Wikipedia defines a dough conditioner as “any ingredient or chemical added to bread dough to strengthen its texture or otherwise improve it in some way. Examples of dough conditioners include ascorbic acid, monoglycerides and diglycerides, ammonium chloride, enzymes, DATEM, and calcium salts such as calcium iodate.”
This is a pretty accurate express definition in our opinion and we were pleasantly surprised when Wikipedia continues on and says the following:
“Less processed dough conditioners [can] include sprouted- or malted-grain flours, soy, milk, wheat germ, potatoes, gluten, yeast….”
In the industrial baking industry many ingredients (chemically synthesized and of natural origin) are lumped into the term dough conditioner without distinctly separating and classifying each. There is (or was) no negative association when developing a dough conditioner. Maybe we have been too familiar with the all encompassing term, its usage and the all inclusive (chemical or natural) definition that we missed the climate change when the public perception or consumer’s understandings interpreted that a dough conditioner was considered a negative thing. And, that any usage of something called a dough conditioner deemed that the product being baked could not be good, healthy or natural and most certainly must be of below par baking standard. But as Wikipedia also correctly pointed out, a dough conditioner can include familiar looking ingredients performing conditioning qualities to the dough.
Judging from what is read in current media, the current perception of the words dough conditioner seems to be negative. It shouldn’t be. Originally a dough conditioner was an added ingredient (s) added to flour, yeast, water and salt to treat the dough to give it the strength needed to manufacture a final baked product on a large scale. Sure it consisted of chemically synthesized ingredients but it also consisted of those natural origin (more familiar looking) ingredients as well. Regardless of the source, they were (are) added to condition the dough and provide more strength.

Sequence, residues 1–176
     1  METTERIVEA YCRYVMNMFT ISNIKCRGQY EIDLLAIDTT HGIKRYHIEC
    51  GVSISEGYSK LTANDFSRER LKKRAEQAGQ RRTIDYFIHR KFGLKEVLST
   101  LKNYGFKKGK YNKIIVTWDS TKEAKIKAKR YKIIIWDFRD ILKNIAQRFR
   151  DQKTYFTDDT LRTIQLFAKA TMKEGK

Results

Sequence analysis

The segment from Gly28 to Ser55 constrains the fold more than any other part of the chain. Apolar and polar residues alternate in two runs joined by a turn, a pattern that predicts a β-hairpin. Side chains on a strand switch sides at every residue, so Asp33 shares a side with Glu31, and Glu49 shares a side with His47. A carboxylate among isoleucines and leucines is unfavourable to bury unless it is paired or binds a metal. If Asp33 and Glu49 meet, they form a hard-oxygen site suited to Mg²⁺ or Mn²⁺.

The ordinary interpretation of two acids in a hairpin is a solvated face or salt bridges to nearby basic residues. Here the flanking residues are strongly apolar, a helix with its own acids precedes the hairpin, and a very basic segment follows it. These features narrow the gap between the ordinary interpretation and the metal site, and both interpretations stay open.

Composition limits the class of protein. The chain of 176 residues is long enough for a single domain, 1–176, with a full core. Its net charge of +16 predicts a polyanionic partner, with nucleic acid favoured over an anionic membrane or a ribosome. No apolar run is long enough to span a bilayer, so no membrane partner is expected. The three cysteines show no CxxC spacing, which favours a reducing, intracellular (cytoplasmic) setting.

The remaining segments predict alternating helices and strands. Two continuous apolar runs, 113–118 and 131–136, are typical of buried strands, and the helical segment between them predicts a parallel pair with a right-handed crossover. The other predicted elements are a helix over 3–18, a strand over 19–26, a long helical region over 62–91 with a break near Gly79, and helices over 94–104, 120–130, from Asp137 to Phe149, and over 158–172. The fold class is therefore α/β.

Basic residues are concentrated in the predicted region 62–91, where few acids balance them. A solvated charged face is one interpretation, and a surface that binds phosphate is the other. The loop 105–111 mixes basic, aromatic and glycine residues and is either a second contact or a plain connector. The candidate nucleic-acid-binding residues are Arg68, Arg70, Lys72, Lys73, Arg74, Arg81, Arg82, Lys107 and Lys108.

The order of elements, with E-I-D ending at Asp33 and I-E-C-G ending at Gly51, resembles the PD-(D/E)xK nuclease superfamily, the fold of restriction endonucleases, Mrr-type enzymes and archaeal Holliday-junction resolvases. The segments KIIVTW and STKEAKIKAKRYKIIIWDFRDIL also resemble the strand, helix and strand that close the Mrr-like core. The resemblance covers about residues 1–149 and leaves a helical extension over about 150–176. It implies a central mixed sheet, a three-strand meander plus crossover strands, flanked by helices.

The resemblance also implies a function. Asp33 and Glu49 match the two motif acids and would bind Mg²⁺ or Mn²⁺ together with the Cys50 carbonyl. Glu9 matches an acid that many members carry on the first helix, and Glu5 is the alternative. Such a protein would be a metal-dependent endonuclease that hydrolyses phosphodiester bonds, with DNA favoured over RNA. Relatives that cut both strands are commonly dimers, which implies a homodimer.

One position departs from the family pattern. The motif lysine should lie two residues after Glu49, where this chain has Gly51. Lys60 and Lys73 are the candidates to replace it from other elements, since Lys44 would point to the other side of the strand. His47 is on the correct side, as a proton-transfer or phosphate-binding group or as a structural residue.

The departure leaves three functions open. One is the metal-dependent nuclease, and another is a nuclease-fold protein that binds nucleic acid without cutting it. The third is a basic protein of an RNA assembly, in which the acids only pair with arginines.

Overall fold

We at Equichem develop and manufacture dough conditioners as part of our bakery product line. We are developing ingredients and blends that will strengthen the dough allowing it to be mixed, kneaded, handled and properly baked according to final product goals. Our dough conditioner definition is the all encompassing traditional definition. We will use natural origin (more familiar looking ingredients) and chemically synthesized ingredients to get your product produced with the final baking characteristics that was envisioned.
How do we internally deal with the perceived negativity associated with the term dough conditioner? Well, we’d like everyone to think of something that is more familiar to consumers: hair conditioner! Should a negative association apply to a product called hair conditioner? A blend of ingredients that millions of consumers willingly put on their own hair every day? Should negativity apply to those companies developing hair conditioners? A hair conditioner is defined by Wikipedia as “a hair care product that changes the texture and appearance of hair.” Is anyone’s hair thought of as being sub par if hair conditioner ingredients (chemically synthesized or of natural origin) are used on their head? No. People brag about what conditioner they use! Their hair conditioner was a life changer! Their hair has never been better since using this or that conditioner! They blog about it, hash tag it and share references.
Why the difference? Maybe because consumers identify with the end result of perceived beauty as being good and without negativity attached to it. Let’s try it out and see if perceptions are swayed to the positive when thinking about the baking industry and the use of dough conditioners. Beauty in the baking industry is below. Are dough conditioners sometimes used to help these products be who they are and who they are supposed to be? Yes.
Choose your ingredients properly. Bake Well.
– Love, Equichem